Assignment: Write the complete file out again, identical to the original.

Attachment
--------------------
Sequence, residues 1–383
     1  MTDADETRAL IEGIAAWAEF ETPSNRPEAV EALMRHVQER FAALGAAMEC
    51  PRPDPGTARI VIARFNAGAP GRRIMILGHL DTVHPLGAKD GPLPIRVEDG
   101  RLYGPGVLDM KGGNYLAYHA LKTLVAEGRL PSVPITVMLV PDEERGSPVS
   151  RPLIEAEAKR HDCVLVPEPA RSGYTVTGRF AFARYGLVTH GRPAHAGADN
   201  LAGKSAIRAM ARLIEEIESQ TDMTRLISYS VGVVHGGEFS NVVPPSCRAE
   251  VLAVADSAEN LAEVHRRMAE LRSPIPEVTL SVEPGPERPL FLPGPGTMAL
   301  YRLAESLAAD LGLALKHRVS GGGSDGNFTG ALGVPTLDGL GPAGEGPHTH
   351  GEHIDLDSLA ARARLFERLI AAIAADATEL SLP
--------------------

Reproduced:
Sequence, residues 1–383
     1  MTDADETRAL IEGIAAWAEF ETPSNRPEAV EALMRHVQER FAALGAAMEC
    51  PRPDPGTARI VIARFNAGAP GRRIMILGHL DTVHPLGAKD GPLPIRVEDG
   101  RLYGPGVLDM KGGNYLAYHA LKTLVAEGRL PSVPITVMLV PDEERGSPVS
   151  RPLIEAEAKR HDCVLVPEPA RSGYTVTGRF AFARYGLVTH GRPAHAGADN
   201  LAGKSAIRAM ARLIEEIESQ TDMTRLISYS VGVVHGGEFS NVVPPSCRAE
   251  VLAVADSAEN LAEVHRRMAE LRSPIPEVTL SVEPGPERPL FLPGPGTMAL
   301  YRLAESLAAD LGLALKHRVS GGGSDGNFTG ALGVPTLDGL GPAGEGPHTH
   351  GEHIDLDSLA ARARLFERLI AAIAADATEL SLP